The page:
HANDS OFF THE TIL!

Recently, some changes were made to Regulation Z and RESPA that affect lenders and their requirements to disclose fees for their services and the total cost of the loan. The changes affect specifically how lenders are required to deliver the Truth in Lending (TIL) statement and what they are/are not able to change once they have quoted you/your client fees on the Good Faith Estimate (GFE).

Since I’m not a lender, I’m going to keep this simple and cover the basics as they apply to the average residential transactions.

· Lender must provide the initial TIL disclosures (GFE) no later than 3 business days after receiving a completed loan application.

· Until you receive the disclosures (GFE), lenders cannot collect any fees other than the appropriate fee for a credit check. This means in most cases the lender cannot collect application or appraisal fees until 3 days after application, assuming a GFE is issued. After a loan applicant receives the GFE and indicates that they wish to proceed with the loan, the lender may collect additional fees.

· A final TIL disclosure is due 3 days prior to closing.

· The lender must provide a copy of the appraisal to the borrower 3 days prior to closing.

· The lender cannot close the loan for at least 7 days after the borrower receives (or the lender has mailed) the initial TIL disclosure.

· If there is any change to the TIL disclosure that increases the APR beyond “allowable tolerances”, the lender must issue a new TIL disclosure reflecting the changes and allowing an additional 3 days for review prior to closing. Also, the regulation assumes a 3 day delivery period so that if the lender mails the new TIL disclosure, the lender must allow 3 days delivery time and 3 days review time for a total of 6 days.

· Lender must implement and use revised GFE and HUD 1 settlement forms effective January 1, 2010 (For details on the new forms go to this link:http://www.parealtor.org/content/upload/AssetMgmt/Publications%20News%20and%20Research/2009PARealtor/AprilREALTOR-4PageInsert_new.pdf)

· Failure to implement and use the new GFE and HUD1 forms as required is a violation of Section 5 of the real estate Settlement and Procedures Act (RESPA).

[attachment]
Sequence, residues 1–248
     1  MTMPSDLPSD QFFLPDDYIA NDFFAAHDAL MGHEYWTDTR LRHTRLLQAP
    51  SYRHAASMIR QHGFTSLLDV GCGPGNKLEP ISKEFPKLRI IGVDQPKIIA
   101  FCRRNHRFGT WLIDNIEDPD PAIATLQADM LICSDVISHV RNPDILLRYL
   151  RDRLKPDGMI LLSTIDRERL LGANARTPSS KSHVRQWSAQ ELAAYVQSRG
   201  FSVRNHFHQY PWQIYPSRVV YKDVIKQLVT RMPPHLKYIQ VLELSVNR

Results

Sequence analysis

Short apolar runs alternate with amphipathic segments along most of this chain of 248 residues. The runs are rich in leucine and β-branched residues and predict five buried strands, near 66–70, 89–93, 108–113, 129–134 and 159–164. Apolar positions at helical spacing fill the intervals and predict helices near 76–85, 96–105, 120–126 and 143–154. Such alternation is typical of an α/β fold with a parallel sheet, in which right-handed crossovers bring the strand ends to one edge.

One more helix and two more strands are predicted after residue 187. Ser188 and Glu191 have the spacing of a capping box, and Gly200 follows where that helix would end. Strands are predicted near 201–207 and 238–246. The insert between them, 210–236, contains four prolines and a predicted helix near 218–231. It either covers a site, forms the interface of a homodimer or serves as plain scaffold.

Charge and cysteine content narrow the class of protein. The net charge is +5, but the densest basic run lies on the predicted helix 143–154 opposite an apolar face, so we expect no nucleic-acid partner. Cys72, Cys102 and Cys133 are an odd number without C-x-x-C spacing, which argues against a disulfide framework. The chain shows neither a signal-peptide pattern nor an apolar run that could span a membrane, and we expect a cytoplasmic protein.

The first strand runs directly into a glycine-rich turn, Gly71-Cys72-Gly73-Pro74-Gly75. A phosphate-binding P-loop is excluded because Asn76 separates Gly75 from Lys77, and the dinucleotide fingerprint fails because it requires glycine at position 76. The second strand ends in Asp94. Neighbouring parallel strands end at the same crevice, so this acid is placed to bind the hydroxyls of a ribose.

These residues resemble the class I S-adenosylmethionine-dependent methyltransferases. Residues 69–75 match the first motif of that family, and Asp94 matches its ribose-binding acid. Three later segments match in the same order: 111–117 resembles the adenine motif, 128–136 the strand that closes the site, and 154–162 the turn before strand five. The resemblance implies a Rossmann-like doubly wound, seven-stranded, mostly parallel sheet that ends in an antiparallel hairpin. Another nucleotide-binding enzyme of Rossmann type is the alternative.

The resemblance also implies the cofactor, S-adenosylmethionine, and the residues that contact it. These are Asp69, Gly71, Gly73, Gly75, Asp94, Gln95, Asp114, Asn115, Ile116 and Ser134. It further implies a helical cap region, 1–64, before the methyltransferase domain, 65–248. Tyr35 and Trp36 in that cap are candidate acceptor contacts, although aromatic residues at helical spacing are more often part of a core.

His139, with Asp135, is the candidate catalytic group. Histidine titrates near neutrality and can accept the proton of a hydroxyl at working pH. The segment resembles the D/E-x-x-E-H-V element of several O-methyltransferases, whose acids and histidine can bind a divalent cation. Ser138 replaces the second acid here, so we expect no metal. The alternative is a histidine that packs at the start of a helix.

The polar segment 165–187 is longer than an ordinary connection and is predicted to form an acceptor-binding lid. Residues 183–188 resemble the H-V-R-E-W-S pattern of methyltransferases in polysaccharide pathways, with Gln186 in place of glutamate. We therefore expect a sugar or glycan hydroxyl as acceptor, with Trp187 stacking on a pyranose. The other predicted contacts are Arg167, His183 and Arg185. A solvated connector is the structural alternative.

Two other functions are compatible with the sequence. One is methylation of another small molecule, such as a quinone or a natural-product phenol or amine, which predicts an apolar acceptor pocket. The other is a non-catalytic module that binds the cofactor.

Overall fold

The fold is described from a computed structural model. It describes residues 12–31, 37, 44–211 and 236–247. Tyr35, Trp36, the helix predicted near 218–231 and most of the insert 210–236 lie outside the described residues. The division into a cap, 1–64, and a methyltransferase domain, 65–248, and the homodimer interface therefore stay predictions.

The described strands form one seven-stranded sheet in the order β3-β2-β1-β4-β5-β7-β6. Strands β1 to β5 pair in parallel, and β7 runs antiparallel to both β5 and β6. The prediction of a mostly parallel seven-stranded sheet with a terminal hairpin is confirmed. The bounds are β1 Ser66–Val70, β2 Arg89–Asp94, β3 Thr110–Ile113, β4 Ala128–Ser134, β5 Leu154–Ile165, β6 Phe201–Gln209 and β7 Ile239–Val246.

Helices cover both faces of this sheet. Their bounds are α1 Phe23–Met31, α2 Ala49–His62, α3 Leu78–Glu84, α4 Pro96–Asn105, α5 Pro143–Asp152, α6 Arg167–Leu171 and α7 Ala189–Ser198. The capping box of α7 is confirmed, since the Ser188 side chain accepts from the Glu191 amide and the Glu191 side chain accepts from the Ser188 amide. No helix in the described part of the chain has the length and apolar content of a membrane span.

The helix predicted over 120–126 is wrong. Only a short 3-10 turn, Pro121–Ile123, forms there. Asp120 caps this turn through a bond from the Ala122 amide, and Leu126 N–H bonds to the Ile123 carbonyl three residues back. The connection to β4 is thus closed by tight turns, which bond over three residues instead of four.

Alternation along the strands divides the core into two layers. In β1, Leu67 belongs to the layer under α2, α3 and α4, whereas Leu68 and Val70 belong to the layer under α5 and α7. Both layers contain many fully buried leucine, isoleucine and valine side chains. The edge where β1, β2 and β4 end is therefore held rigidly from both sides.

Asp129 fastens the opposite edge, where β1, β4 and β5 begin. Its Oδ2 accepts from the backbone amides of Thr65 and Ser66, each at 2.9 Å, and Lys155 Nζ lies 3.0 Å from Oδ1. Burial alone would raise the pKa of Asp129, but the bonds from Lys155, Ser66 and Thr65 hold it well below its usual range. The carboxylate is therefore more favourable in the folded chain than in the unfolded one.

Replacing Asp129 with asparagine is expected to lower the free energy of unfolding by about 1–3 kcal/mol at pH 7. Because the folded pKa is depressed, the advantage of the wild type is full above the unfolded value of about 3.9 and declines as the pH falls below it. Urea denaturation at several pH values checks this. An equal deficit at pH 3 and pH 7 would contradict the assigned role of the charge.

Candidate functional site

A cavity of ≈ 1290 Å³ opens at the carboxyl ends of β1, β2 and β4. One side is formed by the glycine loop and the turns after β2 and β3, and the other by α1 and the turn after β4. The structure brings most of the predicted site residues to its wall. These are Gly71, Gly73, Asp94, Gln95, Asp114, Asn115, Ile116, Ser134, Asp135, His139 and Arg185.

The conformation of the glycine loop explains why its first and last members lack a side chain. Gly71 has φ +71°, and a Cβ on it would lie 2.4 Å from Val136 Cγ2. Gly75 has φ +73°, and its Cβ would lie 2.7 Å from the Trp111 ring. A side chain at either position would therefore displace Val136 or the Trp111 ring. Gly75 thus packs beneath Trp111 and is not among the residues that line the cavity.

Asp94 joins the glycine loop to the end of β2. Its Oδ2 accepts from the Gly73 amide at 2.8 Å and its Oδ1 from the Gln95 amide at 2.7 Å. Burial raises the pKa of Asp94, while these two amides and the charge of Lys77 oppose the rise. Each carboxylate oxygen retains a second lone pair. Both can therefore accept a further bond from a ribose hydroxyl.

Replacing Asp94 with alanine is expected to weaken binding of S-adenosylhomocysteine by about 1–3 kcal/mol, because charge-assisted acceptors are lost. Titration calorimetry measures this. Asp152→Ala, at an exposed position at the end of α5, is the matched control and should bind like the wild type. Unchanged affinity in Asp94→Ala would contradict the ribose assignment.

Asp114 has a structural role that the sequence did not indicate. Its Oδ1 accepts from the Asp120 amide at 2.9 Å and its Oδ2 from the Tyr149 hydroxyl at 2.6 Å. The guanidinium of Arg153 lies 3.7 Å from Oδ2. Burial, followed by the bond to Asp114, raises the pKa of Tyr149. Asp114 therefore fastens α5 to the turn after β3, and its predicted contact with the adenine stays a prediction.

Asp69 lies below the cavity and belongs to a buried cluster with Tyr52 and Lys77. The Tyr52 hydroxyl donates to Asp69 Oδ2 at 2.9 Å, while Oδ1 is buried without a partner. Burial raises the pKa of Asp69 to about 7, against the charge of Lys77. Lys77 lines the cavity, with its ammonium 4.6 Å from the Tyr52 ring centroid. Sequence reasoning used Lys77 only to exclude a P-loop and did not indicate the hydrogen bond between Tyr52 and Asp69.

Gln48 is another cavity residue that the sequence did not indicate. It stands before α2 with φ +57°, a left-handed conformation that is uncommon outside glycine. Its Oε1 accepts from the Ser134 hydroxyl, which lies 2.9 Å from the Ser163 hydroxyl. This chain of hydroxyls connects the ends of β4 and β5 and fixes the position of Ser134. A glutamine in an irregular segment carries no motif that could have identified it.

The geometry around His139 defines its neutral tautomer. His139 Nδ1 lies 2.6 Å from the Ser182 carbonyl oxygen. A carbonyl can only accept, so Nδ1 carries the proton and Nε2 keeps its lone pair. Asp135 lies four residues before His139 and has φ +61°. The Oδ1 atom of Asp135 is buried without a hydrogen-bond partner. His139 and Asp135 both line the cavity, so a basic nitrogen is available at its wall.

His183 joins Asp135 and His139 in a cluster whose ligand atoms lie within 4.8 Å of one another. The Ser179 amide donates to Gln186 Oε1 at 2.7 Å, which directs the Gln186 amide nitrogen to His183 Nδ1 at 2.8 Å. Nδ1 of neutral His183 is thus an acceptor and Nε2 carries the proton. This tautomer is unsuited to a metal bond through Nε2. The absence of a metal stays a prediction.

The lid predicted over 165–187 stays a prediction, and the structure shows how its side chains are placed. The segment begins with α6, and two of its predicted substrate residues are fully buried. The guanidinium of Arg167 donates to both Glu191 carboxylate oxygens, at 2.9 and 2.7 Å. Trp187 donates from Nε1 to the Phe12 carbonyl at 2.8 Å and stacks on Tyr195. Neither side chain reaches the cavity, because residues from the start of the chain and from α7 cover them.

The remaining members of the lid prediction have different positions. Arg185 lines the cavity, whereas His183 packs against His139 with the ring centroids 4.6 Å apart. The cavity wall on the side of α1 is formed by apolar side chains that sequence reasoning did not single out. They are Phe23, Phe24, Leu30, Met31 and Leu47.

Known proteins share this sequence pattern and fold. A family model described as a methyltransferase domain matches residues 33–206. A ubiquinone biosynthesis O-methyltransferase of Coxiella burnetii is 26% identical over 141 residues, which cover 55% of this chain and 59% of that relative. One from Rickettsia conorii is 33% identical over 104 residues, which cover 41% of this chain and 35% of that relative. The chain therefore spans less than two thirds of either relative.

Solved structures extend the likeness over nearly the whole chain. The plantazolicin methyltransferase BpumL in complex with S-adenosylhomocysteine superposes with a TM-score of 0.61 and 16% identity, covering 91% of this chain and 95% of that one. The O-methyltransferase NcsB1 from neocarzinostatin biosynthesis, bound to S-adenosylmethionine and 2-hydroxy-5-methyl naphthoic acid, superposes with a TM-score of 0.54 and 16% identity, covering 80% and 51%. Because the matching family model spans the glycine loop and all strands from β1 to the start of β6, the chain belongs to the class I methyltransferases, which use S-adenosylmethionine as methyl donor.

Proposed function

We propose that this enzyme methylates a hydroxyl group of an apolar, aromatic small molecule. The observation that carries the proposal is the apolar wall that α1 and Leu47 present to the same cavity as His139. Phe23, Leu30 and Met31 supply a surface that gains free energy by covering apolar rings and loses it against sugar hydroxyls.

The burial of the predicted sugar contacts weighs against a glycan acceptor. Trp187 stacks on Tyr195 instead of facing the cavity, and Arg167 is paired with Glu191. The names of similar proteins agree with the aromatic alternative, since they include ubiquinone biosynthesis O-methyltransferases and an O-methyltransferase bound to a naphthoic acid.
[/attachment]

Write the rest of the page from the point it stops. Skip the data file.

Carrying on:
· Any and all charges typically paid by the borrower must be stated on the GFE. The new rules make it unlawful for lenders to add additional undisclosed charges. Items cannot be listed as POC in an effort to avoid stating the fees, all fees to be collected must be stated on the initial TIL disclosure (GFE).

· The GFE and its associated fees must be valid for at least 10 business days after issuance. If the borrower does not express intent to continue with the loan, the GFE is allowed to expire at the end of 10 business days. Until then the lender is bound to honor the offered terms.

· Fees stated in the initial TIL disclosure may not change beyond certain specific tolerance limits unless a “substantial change” has taken place, such as borrower qualifications changing, appraisal issues, etc. If the fees do change outside allowable limits, the lender must initiate a cure (as in correct the fees to match those originally stated or rebate the borrower accordingly within 30 days after settlement). It is considered a violation if the lender asks other settlement service providers to reduce fees so that total costs fall within the tolerance limits.

So, what does this all mean for you? Well, to start it’s a good thing; the regulations require lenders to proceed in such a way that buyers getting whacked with last minute fee and rate changes are a thing of the past. The not so good part? Well, it takes time. This process, providing no changes, lengthens the time required for an average settlement, which along with the new HVCC regulations regarding appraisals; pretty much makes 30 day closings a thing of the past to. Oh, and that last minute change that requires the re-disclosure and mandatory 3 day waiting period? Well, if lenders don’t get it right from the start, there will be delayed closings that no amount of yelling by unhappy clients or agents will fix. We’ll be stuck, waiting, if the lenders can’t keep their hands off the TIL.

As always, if you have questions, need real estate advice or want to buy or sell a home, you can call or text me at 717-371-0557, email me at Jason@JasonsHomes.com or contact me at the office at 717-490-8999!

Your Friend in Real Estate,
Jason Burkholder

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